2. Rice is generally safe for people with food sensitivities. “Rice is the least allergenic of all grains,” says Bannan, which makes it a good choice for people who have food sensitivities or allergies (or even just suspect they might). It’s naturally gluten free (although those with Celiac disease should read the label to make sure it was processed in a GF-friendly facility), and as of now, any rice you can buy is also GMO-free.
3. Brown rice is a good source of fiber. While the hull is stripped from white rice, brown rice is an excellent source of fiber, which helps to lower inflammation, improve gut health, and boost metabolism. In fact, this fiber content may be to thank (at least in part) for some of the health benefits of brown rice overall. “Research shows brown rice helps reduce the risk of chronic disease and certain cancers, and it plays a role in weight management,” says Bannan.
4. Rice is an excellent source of vitamins and minerals. Rice has more than 15 vitamins and minerals, says Bannan. “Some of the nourishing nutrients brown rice contains are key B vitamins, phosphorus, selenium, and magnesium, and just one cup of cooked brown rice can meet a large portion of daily manganese needs,” says Kroplin.
While brown rice is naturally higher in these nutrients, white rice is often enriched with them along the way (like B vitamins and iron). So, while it’s been processed, white rice isn’t necessarily nutritionally void.
Drawbacks of rice
1. Measurable levels of arsenic have been found in rice. “There is recent research suggesting that rice can contain arsenic levels, primarily in brown rice since it accumulates in the outer layer of the rice,” says Kroplin. “A Consumer Reports study found measurable levels of arsenic in all 60 varieties of rice tested.”
Arsenic is a toxic carcinogen, and exposure has been linked to several types of cancer (among other major health issues). Unfortunately, there’s no FDA regulation on how much arsenic is allowed in food, so it’s important to be mindful of how much rice you’re eating and where it’s from, says Kroplin.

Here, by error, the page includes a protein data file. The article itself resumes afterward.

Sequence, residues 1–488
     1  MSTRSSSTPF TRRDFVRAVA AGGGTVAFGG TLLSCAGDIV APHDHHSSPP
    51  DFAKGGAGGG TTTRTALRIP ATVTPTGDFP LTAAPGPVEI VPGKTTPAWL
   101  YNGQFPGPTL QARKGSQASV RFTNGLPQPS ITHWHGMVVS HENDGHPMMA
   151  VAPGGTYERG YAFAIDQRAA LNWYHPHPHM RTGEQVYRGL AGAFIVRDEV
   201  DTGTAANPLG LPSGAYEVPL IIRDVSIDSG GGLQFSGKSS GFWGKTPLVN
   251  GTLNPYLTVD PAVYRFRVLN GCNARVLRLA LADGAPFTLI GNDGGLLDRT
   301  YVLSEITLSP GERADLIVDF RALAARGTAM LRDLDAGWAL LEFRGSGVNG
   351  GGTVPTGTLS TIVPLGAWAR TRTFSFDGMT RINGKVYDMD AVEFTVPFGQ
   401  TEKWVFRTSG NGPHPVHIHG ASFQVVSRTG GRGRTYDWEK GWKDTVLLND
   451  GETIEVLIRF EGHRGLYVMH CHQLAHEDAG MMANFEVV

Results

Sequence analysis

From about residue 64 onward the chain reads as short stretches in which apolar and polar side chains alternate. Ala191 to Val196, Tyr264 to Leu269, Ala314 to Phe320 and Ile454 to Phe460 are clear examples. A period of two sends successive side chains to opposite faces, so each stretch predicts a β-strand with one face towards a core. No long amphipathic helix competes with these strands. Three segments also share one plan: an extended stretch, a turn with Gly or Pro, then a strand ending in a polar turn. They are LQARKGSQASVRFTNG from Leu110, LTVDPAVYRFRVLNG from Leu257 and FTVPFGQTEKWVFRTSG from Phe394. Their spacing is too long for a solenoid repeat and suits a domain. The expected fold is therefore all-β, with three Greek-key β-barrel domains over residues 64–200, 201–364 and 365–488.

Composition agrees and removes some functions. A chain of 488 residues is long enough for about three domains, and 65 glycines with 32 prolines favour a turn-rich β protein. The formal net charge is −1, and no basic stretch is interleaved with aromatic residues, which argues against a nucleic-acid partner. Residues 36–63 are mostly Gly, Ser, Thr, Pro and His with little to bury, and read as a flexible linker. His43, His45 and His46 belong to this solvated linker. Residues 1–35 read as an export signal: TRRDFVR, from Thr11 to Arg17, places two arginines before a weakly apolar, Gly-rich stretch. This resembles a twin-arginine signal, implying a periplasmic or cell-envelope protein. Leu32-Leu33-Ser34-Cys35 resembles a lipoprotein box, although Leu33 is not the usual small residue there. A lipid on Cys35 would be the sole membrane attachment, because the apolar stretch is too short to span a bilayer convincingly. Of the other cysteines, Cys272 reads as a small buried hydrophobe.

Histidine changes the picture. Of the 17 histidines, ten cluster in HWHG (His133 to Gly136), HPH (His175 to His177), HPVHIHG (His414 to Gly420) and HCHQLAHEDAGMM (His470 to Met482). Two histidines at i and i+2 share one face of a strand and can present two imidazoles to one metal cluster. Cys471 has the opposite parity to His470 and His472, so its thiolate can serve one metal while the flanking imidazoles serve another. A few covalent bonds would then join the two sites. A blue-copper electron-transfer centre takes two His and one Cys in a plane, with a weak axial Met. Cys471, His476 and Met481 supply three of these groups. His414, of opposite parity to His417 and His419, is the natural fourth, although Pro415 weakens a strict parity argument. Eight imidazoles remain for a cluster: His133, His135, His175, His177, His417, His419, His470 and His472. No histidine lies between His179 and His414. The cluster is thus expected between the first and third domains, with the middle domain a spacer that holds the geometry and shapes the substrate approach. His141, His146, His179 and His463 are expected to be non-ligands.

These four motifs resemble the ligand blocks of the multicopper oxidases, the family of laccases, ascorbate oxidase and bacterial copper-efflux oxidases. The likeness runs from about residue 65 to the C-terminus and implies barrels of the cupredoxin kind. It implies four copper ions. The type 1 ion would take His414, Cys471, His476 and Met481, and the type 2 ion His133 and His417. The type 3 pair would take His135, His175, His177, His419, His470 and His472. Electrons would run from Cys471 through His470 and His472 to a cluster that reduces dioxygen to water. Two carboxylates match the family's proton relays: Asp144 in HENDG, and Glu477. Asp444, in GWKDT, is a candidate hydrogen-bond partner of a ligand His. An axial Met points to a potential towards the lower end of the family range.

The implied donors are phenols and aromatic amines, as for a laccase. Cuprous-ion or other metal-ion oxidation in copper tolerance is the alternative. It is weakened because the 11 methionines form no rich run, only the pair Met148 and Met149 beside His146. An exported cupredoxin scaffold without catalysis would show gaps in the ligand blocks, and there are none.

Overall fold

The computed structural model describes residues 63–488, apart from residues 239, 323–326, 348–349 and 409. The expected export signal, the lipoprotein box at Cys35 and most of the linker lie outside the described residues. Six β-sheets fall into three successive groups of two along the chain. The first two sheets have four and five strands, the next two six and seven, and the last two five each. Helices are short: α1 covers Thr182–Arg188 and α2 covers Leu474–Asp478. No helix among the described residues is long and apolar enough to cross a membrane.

“I would suggest buying brown rice primarily from California, India, or Pakistan, where arsenic levels have been found to be one-third less [than other places],” she says. Try to steer clear of rice from Arkansas, Louisiana, and Texas, which have some of the highest levels of arsenic, she adds.
2. Brown rice may reduce your body’s ability to absorb other nutrients. “Brown rice contains the ‘antinutrient’ phytic acid,” says Bannan. Phytic acid, or phytate, is an antioxidant compound found in plant foods. It’s considered an antinutrient because research has found that it can get in the way of your body’s ability to absorb nutrients like calcium, iron, and zinc (among other vitamins and minerals).
Because phytic acid is found in bran, this is only an issue with brown rice—so white rice doesn’t contain the antinutrient.
3. Rice has a relatively high glycemic index. While the energy your body gets from rice is a good thing, there is a dark side to it. Rice has a high glycemic index, meaning it spikes your blood sugar quickly, which can lead to crashes (cue: fatigue, headaches, and cravings).
This is a bigger issue with white rice, since it doesn’t contain much fiber to slow down this spike. “[Brown] rice is comprised of complex carbohydrates that are more slowly digested than simple sugars, allowing the body to maintain more consistent long-term energy levels,” says Bannan.
So, is rice healthy?
Ultimately, rice can absolutely have a place in a well-balanced eating plan. While white rice isn’t necessarily bad, both Bannan and Kroplin recommend going for brown rice over white rice thanks to its fiber content and better nutrient profile.
That said, keep in mind how often you’re eating brown rice—while it’s safe in moderate consumption, says Kroplin, arsenic levels should definitely be a consideration. And if you’re looking for an easily digestible fuel source (or you’re concerned about antinutrients), don’t be afraid to choose white rice once in a while.
Originally published October 8, 2018. Updated February 26, 2020.